1

Wikipedia mentions the name as Yang Kuk Jin. I assume that this is some member of the Yang-style taichi. The best family tree I've been able to find for that is here:

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But I don't see any cognates of that name. Is this even the correct martial arts style? Is Hwang's teacher in this family tree, or some cousin that isn't listed in it?

2

According to the book, Tang Soo Do History by Dan Segarra:

https://ia802901.us.archive.org/3/items/TangSooDoHISTORYV15b_201808/TangSooDo_HISTORY_V15b.pdf

"In 1936 Master Yang Kuk Jin (楊鞠振/楊麴震) was a well-known master of northern Kung Fu particularly Tai Chi and Tan Tui... Master Yang trained them in Bo Bup (stepping methods), Ryun Bup (conditioning methods), Dam Toi Ship Ee Ro (twelve longfist forms), and Tae Kuk Kwon (Tai Chi)."

Back to me...

So for those of you who don't know, northern shaolin long-fist (Chang Chuan) kung-fu is a kicking oriented, long range style. The reference to Tan Tui means "springing legs", which is a kind of sub-style of long-fist kung-fu.

Tan Tui may be a complete style in and of itself (or a number of styles), but it's usually known as a collection of drills (like miniature forms) typically taught as basic exercises prior to learning the main long-fist forms.

I practiced the Tan-Tui drills as part of my long-fist training. It's quite common to see as part of long-fist training. It was commonly taught in the Jing Wu (Chin Woo) schools (sort of like a Chinese version of the YMCA) and is probably still taught in their basic curriculum.

Whether Yang, Kuk Jin taught Yang style taiji (Tai Chi) or not is unknown. I'm not sure anyone knows the lineage of the styles he taught. My guess is that it would be Yang style, since it's very common to see it taught along with Long-Fist kung-fu in the same school. Yang style taiji is the most popular form of taiji as well.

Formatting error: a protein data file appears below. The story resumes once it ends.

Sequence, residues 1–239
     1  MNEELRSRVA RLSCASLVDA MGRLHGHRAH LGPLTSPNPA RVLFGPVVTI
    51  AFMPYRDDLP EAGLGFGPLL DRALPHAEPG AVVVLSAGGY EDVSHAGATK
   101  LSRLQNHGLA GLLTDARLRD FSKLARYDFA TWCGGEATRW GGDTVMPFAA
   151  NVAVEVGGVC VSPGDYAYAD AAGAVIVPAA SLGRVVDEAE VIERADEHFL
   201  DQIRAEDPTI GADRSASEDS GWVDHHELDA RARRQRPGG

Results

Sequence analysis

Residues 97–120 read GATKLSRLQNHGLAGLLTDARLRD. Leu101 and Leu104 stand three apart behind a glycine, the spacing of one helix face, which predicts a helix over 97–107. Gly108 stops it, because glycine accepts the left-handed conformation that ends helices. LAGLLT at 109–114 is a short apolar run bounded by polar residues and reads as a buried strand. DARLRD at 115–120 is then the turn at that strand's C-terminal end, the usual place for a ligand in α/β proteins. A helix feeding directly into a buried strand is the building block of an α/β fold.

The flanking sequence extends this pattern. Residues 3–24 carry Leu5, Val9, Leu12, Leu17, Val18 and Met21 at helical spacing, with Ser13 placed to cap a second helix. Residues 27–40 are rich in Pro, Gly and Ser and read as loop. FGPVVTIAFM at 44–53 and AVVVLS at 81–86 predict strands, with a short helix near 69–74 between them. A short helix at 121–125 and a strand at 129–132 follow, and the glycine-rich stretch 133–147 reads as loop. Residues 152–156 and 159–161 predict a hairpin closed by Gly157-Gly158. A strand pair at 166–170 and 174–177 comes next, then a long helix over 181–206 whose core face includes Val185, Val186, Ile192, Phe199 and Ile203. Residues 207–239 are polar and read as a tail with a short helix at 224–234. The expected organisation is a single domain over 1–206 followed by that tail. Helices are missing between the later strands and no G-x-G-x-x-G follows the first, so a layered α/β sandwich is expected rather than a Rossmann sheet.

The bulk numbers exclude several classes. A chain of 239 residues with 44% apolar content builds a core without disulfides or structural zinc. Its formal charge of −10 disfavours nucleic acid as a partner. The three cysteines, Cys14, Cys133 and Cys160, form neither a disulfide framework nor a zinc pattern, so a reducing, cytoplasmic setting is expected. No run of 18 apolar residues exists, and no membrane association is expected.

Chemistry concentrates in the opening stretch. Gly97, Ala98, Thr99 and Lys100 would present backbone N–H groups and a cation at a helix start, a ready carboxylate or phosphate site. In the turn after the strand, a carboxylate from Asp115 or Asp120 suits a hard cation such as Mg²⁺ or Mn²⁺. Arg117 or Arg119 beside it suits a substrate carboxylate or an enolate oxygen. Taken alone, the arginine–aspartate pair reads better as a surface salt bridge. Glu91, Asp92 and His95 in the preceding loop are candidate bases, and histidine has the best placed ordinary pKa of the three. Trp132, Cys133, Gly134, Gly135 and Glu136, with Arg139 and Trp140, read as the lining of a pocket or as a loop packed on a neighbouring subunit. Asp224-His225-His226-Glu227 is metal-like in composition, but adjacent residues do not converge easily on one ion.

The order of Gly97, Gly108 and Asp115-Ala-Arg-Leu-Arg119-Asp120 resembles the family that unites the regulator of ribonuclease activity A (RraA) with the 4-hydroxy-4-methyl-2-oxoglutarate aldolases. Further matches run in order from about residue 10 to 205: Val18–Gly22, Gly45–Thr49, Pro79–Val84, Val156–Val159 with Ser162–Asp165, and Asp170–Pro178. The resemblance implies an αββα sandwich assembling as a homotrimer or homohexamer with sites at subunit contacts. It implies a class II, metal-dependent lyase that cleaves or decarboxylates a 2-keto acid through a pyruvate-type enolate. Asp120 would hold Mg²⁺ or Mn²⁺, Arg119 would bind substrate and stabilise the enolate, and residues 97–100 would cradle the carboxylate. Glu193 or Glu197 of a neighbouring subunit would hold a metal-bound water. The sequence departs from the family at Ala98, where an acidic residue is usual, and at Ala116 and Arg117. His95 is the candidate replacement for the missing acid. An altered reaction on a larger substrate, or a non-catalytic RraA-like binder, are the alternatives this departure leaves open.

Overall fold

Incidentally, Yang is a very common Chinese name. There's probably no link between Yang, Kuk Jin and the founders of Yang style Taiji.

It's hard to see how any kung-fu or taiji made it into Tangsoodo. But maybe there are people out there who have studied that question and can give you a definitive answer.

Hope that helps.

  • Thanks Steve. Was just trying to do some "martial arts genealogy". The Korean stuff is somewhat traceable, but I can't really find much at all before it. – John O Jul 8 at 21:02
0

Is this even the correct martial arts style?

No, I think it is extremely unlikely that the founder of Tang Soo Do trained primarily under a taiji master from the Yang lineage. Tang Soo Do bears little resemblance to taiji. The approaches to fighting and training are completely different; taiji fighting techniques are based around the ability to absorb, redirect, and express power at touch, while Tang Soo Do is based around more conventional ideas of speed and power. Yang style taiji is well known for its very slow moving training, which is not typical of Tang Soo Do.

Do not assume people in the martial arts with the same surname are related.

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